Microaerophiles- need a small amount of oxygen
    Aerotolerant- it doesnt matter if theres oxygen or not
    Facultative Anaerobe- really prefer oxygen but can be fine without it
    Obligate Anaerobe- absolutely HATE oxygen
  69. Treating Bacterial Infections:

    Cell Wall: Beta Lactam Antibiotics
    • Prevent cross linking of peptidoglycan cell walls
    • Gram positive and gram infections
    • Penicillins and its derivatives (penams)
    • Cephalosporins (cephems), monobactams, carbapenems
  70. Could a Beta-lactam antibiotic be given for walking pneumonia?
    NO because it is a MYCOplasma that has NO CELL WALL
  71. Treating Bacterial Infections:

    Oxygen Requirements
    • Metronidazole
    • -reduced by the pyruvate: ferredoxin oxidoreductase system
  72. Treating Bacterial Infections:

    Protein Synthesis Inhibitors: AMINOGLYCOSIDES
    • Gentamicin, Streptomycin
    • -Binds bacterial 16S (small) subunit and prevents ribosomal translocation
  73. Treating Bacterial Infections:

    Protein Synthesis Inhibitors: LINCOSAMIDES
    Binds bacterial 23S (large) subunt and prevents ribosomal translocation
  74. PROTOZOA (remeber more like us than bacteria)
    • Eukaryotic (nucleated)
    • Lack Cell Wall
    • Linear DNA
    • Unicellular
    • May be motile (flagellated or cilliated)

    • Plasmodium spp.
    • NONmotile (only one)
    • carried by and transmitted by mosquito
    • Africa

    • Toxoplasma gondii
    • can lead to Encephalitis
    • if your pregnant dont change the cat litter if they have been eating mice :)

    Amoebic encephalitis
    • Naegleria fowleri
    • South Eastern US
    • Brain eating amoeba
    • In water swallow water goes up the nose
    • in 2009, 2 cases 1 lived and 1 died (FIRST time someone has lived)
    • in 2010, first time a case in MINNESOTA

    • Giardia lamblia
    • Hikers Diarrhea
    • Seen in daycares... POOPY Pants!!!

    African Sleeping Sickness
    • Trypanosoma brucei
    • lead to heart failure

    • Trichomonas vaginalis
    • Part of the normal flora but if it gets spued for acid to basic
    • Vaginal parasite infection
    • Can be sexually transmitted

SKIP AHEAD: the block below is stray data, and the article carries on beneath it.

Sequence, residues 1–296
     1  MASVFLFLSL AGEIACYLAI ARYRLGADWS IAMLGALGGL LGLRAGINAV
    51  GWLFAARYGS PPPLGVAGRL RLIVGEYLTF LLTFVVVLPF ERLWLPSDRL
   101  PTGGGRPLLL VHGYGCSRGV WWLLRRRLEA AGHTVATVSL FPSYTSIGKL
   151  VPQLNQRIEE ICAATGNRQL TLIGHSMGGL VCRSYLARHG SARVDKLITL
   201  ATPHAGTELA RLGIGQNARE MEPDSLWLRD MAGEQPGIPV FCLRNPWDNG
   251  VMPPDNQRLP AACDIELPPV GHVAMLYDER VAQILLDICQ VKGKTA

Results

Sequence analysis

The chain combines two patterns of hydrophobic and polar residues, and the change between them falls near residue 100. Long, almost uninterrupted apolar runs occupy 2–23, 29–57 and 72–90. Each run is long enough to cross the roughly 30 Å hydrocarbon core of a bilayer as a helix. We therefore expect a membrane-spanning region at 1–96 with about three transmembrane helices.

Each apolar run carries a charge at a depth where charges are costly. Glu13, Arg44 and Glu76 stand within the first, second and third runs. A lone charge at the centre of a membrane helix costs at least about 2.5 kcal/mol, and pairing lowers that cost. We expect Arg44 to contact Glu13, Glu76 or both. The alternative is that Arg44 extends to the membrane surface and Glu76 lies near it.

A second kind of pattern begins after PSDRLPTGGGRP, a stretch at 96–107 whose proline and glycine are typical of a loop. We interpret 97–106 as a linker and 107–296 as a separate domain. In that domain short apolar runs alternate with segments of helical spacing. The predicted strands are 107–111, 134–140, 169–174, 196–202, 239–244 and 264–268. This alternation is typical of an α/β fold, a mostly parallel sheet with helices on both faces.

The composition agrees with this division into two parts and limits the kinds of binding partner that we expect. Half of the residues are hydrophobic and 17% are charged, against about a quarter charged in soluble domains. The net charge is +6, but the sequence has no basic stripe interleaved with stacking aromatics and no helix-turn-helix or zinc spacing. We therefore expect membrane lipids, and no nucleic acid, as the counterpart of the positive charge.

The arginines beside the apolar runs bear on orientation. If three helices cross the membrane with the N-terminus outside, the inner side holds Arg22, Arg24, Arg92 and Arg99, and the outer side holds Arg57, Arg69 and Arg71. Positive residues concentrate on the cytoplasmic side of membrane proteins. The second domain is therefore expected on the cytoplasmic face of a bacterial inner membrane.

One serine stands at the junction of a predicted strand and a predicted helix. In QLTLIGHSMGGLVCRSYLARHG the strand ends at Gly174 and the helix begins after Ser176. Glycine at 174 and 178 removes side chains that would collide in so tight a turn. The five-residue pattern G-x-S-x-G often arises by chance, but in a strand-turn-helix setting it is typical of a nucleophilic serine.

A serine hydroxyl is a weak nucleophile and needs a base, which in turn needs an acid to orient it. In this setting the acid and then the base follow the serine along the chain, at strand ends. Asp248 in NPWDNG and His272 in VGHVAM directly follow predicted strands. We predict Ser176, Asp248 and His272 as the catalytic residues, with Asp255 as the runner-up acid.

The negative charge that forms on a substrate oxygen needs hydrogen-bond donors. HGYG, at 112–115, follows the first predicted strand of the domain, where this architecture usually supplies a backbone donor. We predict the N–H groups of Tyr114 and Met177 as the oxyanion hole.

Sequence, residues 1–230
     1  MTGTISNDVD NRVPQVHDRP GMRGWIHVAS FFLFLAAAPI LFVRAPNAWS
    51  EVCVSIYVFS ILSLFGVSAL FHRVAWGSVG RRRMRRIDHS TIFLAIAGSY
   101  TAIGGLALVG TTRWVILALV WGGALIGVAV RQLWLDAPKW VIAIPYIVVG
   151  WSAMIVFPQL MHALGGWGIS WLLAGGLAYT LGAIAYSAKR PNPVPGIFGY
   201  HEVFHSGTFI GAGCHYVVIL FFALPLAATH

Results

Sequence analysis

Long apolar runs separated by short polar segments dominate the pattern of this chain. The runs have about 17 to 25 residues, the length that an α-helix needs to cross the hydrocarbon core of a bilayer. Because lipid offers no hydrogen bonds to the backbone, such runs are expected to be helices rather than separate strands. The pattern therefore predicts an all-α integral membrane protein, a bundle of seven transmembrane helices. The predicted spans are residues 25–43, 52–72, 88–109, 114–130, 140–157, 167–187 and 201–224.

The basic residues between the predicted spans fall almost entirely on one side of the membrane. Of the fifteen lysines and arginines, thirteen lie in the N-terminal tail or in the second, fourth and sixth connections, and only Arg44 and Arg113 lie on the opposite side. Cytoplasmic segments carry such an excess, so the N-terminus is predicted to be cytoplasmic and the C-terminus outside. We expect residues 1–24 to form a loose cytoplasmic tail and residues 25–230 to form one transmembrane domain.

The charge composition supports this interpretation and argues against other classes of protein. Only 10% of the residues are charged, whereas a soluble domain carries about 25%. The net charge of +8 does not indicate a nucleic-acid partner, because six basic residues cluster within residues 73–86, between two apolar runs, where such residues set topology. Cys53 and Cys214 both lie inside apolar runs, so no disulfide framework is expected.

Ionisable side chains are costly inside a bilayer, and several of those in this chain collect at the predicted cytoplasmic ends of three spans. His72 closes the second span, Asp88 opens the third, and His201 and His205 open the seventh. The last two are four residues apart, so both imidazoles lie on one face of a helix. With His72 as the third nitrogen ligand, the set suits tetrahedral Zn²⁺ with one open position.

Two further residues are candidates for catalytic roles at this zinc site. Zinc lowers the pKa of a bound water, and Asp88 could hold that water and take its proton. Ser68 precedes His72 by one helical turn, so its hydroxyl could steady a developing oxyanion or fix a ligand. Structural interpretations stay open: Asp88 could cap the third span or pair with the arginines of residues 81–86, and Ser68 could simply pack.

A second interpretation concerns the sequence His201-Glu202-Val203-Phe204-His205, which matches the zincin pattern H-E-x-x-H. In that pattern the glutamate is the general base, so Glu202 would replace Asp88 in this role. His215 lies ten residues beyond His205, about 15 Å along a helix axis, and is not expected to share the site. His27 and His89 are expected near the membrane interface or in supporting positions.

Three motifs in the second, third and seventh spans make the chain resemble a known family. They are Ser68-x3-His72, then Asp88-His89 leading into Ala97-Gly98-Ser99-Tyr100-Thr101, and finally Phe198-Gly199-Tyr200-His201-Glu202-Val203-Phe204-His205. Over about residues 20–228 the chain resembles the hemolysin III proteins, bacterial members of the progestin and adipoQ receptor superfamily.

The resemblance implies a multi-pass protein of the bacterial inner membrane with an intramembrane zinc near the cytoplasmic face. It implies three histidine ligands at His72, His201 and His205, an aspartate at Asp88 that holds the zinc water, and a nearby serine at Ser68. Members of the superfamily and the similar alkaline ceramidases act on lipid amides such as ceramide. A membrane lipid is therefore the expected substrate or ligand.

81. Life cycle of Malaria:
    • 1. A female anopheles mosquito bites a human or animal that is already infected with the malaria disease in order to feed. By doing this they draw the blood and the malaria parasites that are in the blood.
    • 2. The same now infected mosquito will bit another human or animal in order to feed again and the parasite that the mosquito has previously infected is deposited into the human or animal's bloodstream.
    • 3. Within just 30 minutes the parasite travels to the victims liver and the malaria life cycle is well underway.
    • 4. Once the parasite has reached the liver it begins to reproducing at an enormous rate. Some of the parasites will remain dormant in the liver only to become active years after the initial infection.
    • 5. The new parasites enter the bloodstream and attack the red blood cells. They infiltrate the red blood cells and begin to reproduce inside them further causing the red blood cells to swell and finally burst releasing all of the new parasites into the blood stream. The process is repeated with the parasites attacking and infiltrating further red blood cells.
    • 6. The red blood cells should be carrying oxygen all over the body but because they are being attacked and destroyed this does not happen and a result of this oxygen depletion is onset of fever and chills which are the initial symptoms of malaria to be experienced by the victim. The bodies immune system has been damaged and makes it susceptible to further illness.
    • 7. After being release dormant malaria parasites travel through the bloodstream where they will be ingested by a new mosquito that bites the victim. This is the end of the malaria life cycle in one person and the beginning for the next victim.
  82. Treating Protozol Infections:

    • Target: HEPATIC stages
    • ------>Primaquine phosphate
    • Target: BLOOD Stage
    • ------> Cholorquine phosphate -prevents biocrystalliation of heme
    • ------> Mefloquine (Lariam)- phospholipid uptake
    • ------> Atovaquone + proguanil (Malarone)